Next-generation life sciences leadership in Scandanavia

Next-generation life sciences leadership in Scandanavia

The rising generation of life sciences executives in Denmark, Norway, and Sweden will take the helm at a time of great opportunity and even greater challenges for the industry. Will they be up to the job?

The next generation of Scandinavian executives faces a dramatically evolving environment of economic, demographic, social, technological, and digital disruption that will buffet their organizations and test their leadership ability. This report takes stock of those challenges, explores how these leaders see those challenges, and examines how well prepared they are to meet them.

The industry challenges ahead

From start-ups to multinationals, Scandinavia’s biotech, medtech, and pharma companies are poised to make significant breakthroughs in multiple therapeutic areas, technologies, and treatments. But the industry and its leaders also face major challenges, including:

  • Rapid digitization of life sciences and healthcare, opening the way for nontraditional entrants, e-health, and a big-data arms race
  • A looming talent shortage in areas from R&D, IT, and market access to senior leadership with a truly global mind-set

How well prepared is the new generation of leaders to convert these challenges into opportunities to reimagine leadership, talent management, and organizational practices? What new ideas and perspectives are they likely to bring to the companies? And what might they need to do to enhance their ability to lead alongside their more senior colleagues and eventually replace them?

The C-suite leaders

To answer these questions, we analyzed the demographic and career data of more than 100 senior life sciences executives from Denmark, Norway, and Sweden, between 35 and 45 years of age, drawn from all sectors and functions of the industry, who are excelling in their careers at a relatively young age. We then delved deeper, conducting in-depth interviews with 30 of these executives who serve in the C-suite or are on a clear path toward it. Our questions asked how they view their companies and the issues they face, how they manage and lead, and how they think about their lives and careers.

What we learned

The executives’ perspectives on those concerns and other critical issues are far from unanimous and indicate both acute insight and blind spots.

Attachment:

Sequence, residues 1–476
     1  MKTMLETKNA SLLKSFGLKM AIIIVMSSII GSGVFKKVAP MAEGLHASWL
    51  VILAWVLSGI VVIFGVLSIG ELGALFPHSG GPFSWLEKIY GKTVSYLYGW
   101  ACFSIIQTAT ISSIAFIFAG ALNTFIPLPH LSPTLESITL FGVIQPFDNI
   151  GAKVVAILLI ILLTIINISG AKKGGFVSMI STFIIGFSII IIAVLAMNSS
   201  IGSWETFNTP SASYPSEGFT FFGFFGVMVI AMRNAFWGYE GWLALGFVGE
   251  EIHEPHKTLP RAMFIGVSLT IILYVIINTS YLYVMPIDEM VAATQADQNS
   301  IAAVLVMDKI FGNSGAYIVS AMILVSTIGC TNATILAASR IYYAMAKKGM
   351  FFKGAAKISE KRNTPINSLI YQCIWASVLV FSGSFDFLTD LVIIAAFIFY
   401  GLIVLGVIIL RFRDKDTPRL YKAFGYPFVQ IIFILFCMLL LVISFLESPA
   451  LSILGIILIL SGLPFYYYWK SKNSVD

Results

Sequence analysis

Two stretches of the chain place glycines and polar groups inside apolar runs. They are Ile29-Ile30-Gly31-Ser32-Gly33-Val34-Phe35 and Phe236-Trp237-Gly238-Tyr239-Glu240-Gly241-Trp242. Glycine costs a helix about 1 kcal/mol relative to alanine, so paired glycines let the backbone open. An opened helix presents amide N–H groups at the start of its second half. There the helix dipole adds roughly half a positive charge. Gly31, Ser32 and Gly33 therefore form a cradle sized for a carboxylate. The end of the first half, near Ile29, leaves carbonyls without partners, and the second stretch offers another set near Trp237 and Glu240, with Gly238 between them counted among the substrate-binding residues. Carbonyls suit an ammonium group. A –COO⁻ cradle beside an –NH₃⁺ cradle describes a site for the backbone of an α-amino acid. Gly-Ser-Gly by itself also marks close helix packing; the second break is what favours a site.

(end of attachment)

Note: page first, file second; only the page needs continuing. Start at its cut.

Our survey and in-depth conversations revealed the following insights:

Many executives may be ignoring or underestimating the magnitude of disruptive forces on the horizon and the difficulty of managing through them. The most important question on the minds of next-generation executives is how to make their company’s business model viable in a future where change is the only constant. When we asked executives about managing in an environment dominated by volatility, uncertainty, complexity, and ambiguity (VUCA), 7 in 10 of them were not ready to concede that it is a major strategic concern.

Many executives say the pace of digital transformation is too slow. Our respondents conceded that their companies have a long way to go in the digital realm, with about four in five agreeing that their firms need a more robust digital culture.

A majority of leaders gauge success by quarterly results, but a substantial minority appear ready to reject short-term thinking in favor of the longer view. Six in 10 of our respondents agreed that “solid numbers are the essence of our entrepreneurial activities, which includes measuring them in shorter intervals.” Although the industry faces rapid change, it still depends on long-run R&D, motivated by the imperative to innovate.

Most respondents said they are satisfied with their corporate career, though it may occasionally involve some struggle. Nearly 5 in 10 respondents said their careers are on an upward trajectory, possibly toward the CEO role. But more than half also said that merit is only one of several factors that figure into success.

Scandinavia has a long history of innovation, world-class educational institutions, established and emerging industry clusters, cross-border collaboration, and a research infrastructure that includes information-rich health-records repositories and biobanks. In a few years’ time, the leaders profiled in this report will fill the most important positions in the region’s life sciences companies. To keep the industry vibrant, they will need to create new business models, lead relentless innovation, and move their organizations toward patient-centric and outcome-based healthcare, all while accommodating daunting social, demographic, and economic forces. It’s a tall order, but these fast-track executives are looking ahead with confidence.

About the author

Martin F. Holm ( is a principal in Heidrick & Struggles’ Copenhagen office and a member of the Healthcare & Life Sciences and Private Equity practices.

The author wishes to thank Catrine Frost for her contributions to this report.

Stay connected

Stay connected to our expert insights, thought leadership, and event information.

Leadership Podcast

Explore the latest episodes of The Heidrick & Struggles Leadership Podcast